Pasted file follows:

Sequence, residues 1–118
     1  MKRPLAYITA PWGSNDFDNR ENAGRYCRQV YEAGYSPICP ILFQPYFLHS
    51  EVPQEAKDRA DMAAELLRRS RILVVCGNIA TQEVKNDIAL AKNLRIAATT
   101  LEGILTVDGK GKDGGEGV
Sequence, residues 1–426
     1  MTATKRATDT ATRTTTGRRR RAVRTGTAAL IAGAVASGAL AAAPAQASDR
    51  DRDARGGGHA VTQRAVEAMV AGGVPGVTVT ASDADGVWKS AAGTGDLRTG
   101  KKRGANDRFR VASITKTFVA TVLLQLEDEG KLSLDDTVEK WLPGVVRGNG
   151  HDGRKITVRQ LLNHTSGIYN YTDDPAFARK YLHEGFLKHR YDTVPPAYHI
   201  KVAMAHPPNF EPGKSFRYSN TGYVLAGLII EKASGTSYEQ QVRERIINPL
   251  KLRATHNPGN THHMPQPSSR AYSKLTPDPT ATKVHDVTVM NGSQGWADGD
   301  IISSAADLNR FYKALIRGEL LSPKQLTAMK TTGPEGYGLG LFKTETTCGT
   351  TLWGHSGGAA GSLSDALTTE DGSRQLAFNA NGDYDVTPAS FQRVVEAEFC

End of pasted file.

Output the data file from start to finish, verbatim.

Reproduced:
Sequence, residues 1–118
     1  MKRPLAYITA PWGSNDFDNR ENAGRYCRQV YEAGYSPICP ILFQPYFLHS
    51  EVPQEAKDRA DMAAELLRRS RILVVCGNIA TQEVKNDIAL AKNLRIAATT
   101  LEGILTVDGK GKDGGEGV
Sequence, residues 1–426
     1  MTATKRATDT ATRTTTGRRR RAVRTGTAAL IAGAVASGAL AAAPAQASDR
    51  DRDARGGGHA VTQRAVEAMV AGGVPGVTVT ASDADGVWKS AAGTGDLRTG
   101  KKRGANDRFR VASITKTFVA TVLLQLEDEG KLSLDDTVEK WLPGVVRGNG
   151  HDGRKITVRQ LLNHTSGIYN YTDDPAFARK YLHEGFLKHR YDTVPPAYHI
   201  KVAMAHPPNF EPGKSFRYSN TGYVLAGLII EKASGTSYEQ QVRERIINPL
   251  KLRATHNPGN THHMPQPSSR AYSKLTPDPT ATKVHDVTVM NGSQGWADGD
   301  IISSAADLNR FYKALIRGEL LSPKQLTAMK TTGPEGYGLG LFKTETTCGT
   351  TLWGHSGGAA GSLSDALTTE DGSRQLAFNA NGDYDVTPAS FQRVVEAEFC